Fundamentalist ideas, religious or not, are dangerous because the people, who are in favor of them, do not want to submit themselves to human laws, because they think they only have to obey a higher force. The concept that people’s behavior should be determined by a higher plan is a sort of slant towards transcendence, which is common to both the Vatican and the conservative Muslims, in spite of their enormous cultural and political differences. The focus is on surpassing people and making people submit to and thus subjugating the individual, and the primacy of humans and human laws.

South Asia is a region where people strongly believe in religion and it plays a defining role in their lives. It is
nearly impossible for any political party or individual to be completely out of the influence of religion. However,
a conscious effort has to be made to prevent the use of religion to further political ends. The real solution lies in the separation of state and religion. This would prevent the negative use of religion from controlling politics and religious sentiments from influencing relations between different communities. In order to maintain peace and cooperation in South Asia, it is desirable to rethink and reevaluate the concept of secularism. However to bring objectivity to the discussion it must be understood that moderates and anti secularists who reject exclusivist religious-nationalist development, do not see the alternative as a modern, westernized secular state. In their view, political-religious conflict involving intolerance and violence are also perpetuated by the so called modern secular national state. To them, religion per se is not a source of conflict but its politicization that trigger conflict. In the South Asian context, this is proven beyond doubt for both secular and non secular state has witnessed religion triggered conflicts and its politicization by the ruling elite. Therefore, the adoption of secular values alone will not resolve the religious chasm in the region. The approaches emphasized upon and applicable should include tolerance, non-violence, pluralism, and inclusivism.

Secularism in Pakistan in spite of this ground reality does offer a chance to political viability through secular sharing of Power. In state of religious, ethnic derivations the only viable option for Pakistan is a secular form of government. It may sound like a tall order but, Support for strict separation between religion and government has grown steadily over the past five years according to the U.S survey. Majorities in 47 countries surveyed by the Washington based PEW institute for public opinion agree to religion and politics not to mix. Pakistanis who believed that religion and government should remain separate were only 33 percent of the population in 2002. Five years later the size grew to 48 per cent a 15 per cent increase.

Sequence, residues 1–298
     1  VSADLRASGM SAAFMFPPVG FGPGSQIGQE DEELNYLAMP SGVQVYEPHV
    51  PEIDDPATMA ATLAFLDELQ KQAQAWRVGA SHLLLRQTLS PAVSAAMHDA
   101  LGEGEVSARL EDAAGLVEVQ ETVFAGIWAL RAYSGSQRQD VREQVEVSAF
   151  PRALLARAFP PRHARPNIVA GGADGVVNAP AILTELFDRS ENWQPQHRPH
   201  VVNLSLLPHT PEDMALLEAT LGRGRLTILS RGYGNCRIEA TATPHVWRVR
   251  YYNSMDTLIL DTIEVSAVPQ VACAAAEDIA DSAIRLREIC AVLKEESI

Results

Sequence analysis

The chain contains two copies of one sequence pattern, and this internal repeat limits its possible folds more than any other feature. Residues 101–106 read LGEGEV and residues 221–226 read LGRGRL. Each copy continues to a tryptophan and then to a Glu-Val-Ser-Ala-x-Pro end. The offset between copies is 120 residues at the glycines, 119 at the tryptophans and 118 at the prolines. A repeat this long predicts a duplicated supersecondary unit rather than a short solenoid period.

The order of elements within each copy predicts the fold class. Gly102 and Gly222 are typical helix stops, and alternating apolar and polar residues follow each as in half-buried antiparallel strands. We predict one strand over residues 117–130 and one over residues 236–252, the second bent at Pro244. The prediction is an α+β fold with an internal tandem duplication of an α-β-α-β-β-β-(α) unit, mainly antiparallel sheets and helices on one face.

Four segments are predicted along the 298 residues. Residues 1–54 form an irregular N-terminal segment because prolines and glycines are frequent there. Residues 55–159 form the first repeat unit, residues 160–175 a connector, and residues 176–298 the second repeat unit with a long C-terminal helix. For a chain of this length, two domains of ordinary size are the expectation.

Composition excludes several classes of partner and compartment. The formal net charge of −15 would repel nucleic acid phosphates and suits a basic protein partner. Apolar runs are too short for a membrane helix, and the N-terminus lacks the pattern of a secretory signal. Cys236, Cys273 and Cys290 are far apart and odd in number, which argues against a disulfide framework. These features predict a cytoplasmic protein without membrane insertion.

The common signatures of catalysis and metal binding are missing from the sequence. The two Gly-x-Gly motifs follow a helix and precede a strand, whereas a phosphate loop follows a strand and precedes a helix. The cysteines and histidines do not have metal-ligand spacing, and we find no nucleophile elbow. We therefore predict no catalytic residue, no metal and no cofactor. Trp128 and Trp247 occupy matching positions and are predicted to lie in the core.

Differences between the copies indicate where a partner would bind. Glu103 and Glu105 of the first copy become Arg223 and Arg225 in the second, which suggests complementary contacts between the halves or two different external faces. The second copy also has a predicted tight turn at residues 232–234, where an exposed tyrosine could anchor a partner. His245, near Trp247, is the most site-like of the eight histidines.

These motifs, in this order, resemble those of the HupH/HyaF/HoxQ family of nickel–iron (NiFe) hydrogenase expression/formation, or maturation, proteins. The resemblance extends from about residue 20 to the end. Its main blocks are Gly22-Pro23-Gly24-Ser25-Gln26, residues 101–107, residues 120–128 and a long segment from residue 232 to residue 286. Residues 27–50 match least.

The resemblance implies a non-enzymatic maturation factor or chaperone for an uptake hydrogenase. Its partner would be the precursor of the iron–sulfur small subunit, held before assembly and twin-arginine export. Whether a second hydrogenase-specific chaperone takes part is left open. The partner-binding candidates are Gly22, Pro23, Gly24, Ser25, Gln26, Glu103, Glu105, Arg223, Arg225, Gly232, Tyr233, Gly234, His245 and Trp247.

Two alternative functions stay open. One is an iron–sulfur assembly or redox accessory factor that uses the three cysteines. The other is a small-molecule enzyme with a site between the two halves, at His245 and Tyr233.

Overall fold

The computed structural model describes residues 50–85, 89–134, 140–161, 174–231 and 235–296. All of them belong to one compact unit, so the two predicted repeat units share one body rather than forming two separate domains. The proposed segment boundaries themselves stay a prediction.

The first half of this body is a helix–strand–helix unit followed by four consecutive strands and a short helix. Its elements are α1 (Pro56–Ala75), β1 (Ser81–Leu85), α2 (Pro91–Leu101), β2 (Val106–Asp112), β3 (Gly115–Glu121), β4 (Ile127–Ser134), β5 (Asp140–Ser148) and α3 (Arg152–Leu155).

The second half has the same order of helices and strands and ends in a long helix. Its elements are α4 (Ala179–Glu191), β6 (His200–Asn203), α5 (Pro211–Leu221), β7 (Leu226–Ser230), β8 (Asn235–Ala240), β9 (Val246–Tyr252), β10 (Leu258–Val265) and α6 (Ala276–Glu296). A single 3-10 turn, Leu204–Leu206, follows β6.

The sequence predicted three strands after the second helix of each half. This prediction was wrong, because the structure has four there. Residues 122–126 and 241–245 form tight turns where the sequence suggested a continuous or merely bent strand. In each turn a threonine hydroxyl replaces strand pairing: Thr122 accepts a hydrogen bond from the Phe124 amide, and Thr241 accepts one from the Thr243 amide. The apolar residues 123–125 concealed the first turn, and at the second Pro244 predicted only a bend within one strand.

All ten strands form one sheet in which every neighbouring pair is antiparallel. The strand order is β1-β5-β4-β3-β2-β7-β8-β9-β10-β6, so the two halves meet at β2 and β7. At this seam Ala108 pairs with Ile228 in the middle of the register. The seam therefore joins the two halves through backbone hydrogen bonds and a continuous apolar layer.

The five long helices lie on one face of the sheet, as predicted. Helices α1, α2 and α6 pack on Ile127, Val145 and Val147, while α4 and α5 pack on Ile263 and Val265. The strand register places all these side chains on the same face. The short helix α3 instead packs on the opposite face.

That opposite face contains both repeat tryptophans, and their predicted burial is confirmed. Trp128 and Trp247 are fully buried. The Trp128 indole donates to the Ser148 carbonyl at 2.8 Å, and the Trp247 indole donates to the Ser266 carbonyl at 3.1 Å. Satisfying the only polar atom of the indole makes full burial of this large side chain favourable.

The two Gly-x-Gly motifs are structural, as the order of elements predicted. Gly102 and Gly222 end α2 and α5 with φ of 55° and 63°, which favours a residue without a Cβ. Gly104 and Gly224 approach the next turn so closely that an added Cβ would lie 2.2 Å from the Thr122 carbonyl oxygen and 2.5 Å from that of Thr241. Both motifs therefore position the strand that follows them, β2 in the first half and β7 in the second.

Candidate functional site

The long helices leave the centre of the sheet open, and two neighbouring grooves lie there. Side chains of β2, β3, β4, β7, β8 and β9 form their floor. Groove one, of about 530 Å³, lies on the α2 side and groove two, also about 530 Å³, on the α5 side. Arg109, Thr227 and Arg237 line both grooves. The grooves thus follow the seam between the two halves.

A lot of factors are responsible for this change of attitude in Pakistan. The media exposure of the tactics of the Tehreek Taliban of Pakistan (TTP) specially their attitude towards women and the security establishment of Pakistan contributed towards it. The tide turned after media footage of a 17-year old girl child’s public flogging in Swat on April 02, 2009 of was flashed across the media and the spokesman of TTP Haji Muslim Khan confirmed that it happened and will do more of the same if need be. The security establishment of Pakistan has been consistently targeted by TTP in all the major cities of Pakistan including Army General Headquarters in Rawalpindi in October 2009.

In 2007, 1,503 terrorist attacks and clashes, including suicide attacks, killings, and assassinations, resulted in 3,448 casualties and 5,353 injuries, according to the PIPS security report. These casualties figure 128% and 491% higher as compared with 2006 and 2005, respectively. The report states that Pakistan faced 60 suicide attacks (mostly targeted at security forces) during 2007, which killed at least 770, besides injuring another 1,574 people. 11 Post 2003 Pakistan became a victim of rising religious and nationalist fundamentalism and the resultant religion triggered vigorous the suicide bombing which had the support of 47 percent people of being a justified methodology of revenge in 2004 went down to 08 percent in 2010.

The rising number of civilian casualties and the total callousness of attitude on the striker’s part became a contributing factor. It became apparent that the aim and objective was instilling fear among the masses and challenging the writ of the state anywhere and everywhere. Working against the interest and people of Pakistan and cloaking it under religion.

Fatalities in Suicide Attacks: 2007- 2009

Total Number of Suicide Attacks
Civilians
SFs
Militants
Total
2007
58
552
177
58
787
2008
59
712
140
65
917
2009
80
735
196
87
1018

Source: http://www.satp.org/satporgtp/countries/pakistan/

Annual Fatalities in Terrorist Violence in Pakistan, 2003- 2009

Source: http://www.satp.org/satporgtp/countries/pakistan/Support and liking for personalities like Osama Bin Laden, who is associated with these tactics and religious fundamentalism went down from 52 percent in 2005 to 18 percent in 2010. 13 However it should be completely understood that when people of Pakistan call for separation of government and religion they are actually giving a negative sanction to politicization of religion and its use for power brokerage. Pakistan like rest of South Asia remains a emotionally religious state looking for options that does not divorce religion but live with it in peace.

Civilians
Security Forces (SFs)
Terrorists
Total
2003
140
24
25
189
2004
435
184
244
863
2005
430
81
137
648
2006
608
325
538
1471
2007
1523
597
1479
3599
2008
2155
654
3906
6715
2009
2307
1011
8267
11585
Total
7598
2876
14596
25070